As the most important computing paradigm shift since, well, the computer itself, the stakes are understandably high in this new billion-device market. However, Microsoft's efforts to stymie Google's utter dominance of all things mobile spans from half-baked to utterly laughable.
However, under the leadership of new CEO Satya Nadella, Microsoft seems to finally be making all the right moves in its bid to remain highly relevant in this mobile new world order, and a recent move from Microsoft this week is perhaps the best example of this renewed emphasis from Microsoft.
Microsoft's Windows versus Google's Android
This week Microsoft announced that it would eliminate the licensing fee it charges its hardware partners for small tablets and smartphones, eliminating what had been perhaps the most meaningful differentiator for OEMs caught between Google's and Microsoft's mobile software.
This announcement effectively redefines the playing field in mobile and set the stage for Microsoft and Google to compete head-to-head for mobile supremacy. In the video below, tech and telecom analyst Andrew Tonner breaks down the news and explains what it could mean for Microsoft and Google.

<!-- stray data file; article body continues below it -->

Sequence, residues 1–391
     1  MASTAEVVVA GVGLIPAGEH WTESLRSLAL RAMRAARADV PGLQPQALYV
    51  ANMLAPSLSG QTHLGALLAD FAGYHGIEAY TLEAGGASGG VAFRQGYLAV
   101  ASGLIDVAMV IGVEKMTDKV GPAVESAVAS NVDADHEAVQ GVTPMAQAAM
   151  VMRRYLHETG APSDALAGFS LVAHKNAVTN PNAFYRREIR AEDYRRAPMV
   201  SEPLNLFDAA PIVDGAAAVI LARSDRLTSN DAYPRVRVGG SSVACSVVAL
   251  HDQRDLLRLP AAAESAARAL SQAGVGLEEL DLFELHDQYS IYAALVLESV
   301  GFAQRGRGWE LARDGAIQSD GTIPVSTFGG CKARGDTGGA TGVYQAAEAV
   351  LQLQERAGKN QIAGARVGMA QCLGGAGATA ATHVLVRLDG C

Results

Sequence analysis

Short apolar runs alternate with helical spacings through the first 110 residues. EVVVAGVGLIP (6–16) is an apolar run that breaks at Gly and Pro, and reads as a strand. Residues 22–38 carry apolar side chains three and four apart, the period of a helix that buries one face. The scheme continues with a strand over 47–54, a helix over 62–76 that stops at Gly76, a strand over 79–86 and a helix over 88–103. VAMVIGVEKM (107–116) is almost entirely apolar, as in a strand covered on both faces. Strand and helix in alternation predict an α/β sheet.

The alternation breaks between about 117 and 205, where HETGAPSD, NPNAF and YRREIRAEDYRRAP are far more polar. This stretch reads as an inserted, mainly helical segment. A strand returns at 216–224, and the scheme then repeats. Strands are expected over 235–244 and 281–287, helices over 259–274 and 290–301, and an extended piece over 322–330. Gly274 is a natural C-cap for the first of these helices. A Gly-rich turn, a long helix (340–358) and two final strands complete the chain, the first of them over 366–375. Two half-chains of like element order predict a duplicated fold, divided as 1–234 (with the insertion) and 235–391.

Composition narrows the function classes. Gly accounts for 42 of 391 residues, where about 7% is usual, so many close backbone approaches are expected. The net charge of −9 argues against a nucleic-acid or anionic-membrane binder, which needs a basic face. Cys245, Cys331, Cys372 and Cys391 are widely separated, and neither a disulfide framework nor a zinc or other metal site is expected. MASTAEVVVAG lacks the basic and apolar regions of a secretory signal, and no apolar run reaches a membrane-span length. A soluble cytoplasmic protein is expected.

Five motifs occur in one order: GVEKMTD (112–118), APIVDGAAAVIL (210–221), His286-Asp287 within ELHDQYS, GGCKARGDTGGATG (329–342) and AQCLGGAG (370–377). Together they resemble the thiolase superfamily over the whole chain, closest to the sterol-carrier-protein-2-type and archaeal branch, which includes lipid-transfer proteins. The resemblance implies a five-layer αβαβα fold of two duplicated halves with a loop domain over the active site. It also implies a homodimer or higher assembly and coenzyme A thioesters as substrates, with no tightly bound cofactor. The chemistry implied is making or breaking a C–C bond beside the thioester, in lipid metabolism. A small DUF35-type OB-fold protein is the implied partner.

The biggest thing to come out of Silicon Valley in years
If you thought the iPod, the iPhone, and the iPad were amazing, just wait until you see this. One hundred of Apple's top engineers are busy building one in a secret lab. And an ABI Research report predicts 485 million of them could be sold over the next decade. But you can invest in it right now... for just a fraction of the price of AAPL stock. Click here to get the full story in this eye-opening new report.
Andrew Tonner has no position in any stocks mentioned. The Motley Fool recommends Google (A shares) and Google (C shares). The Motley Fool owns shares of Google (A shares), Google (C shares), and Microsoft. Try any of our Foolish newsletter services free for 30 days. We Fools may not all hold the same opinions, but we all believe that considering a diverse range of insights makes us better investors. The Motley Fool has a disclosure policy.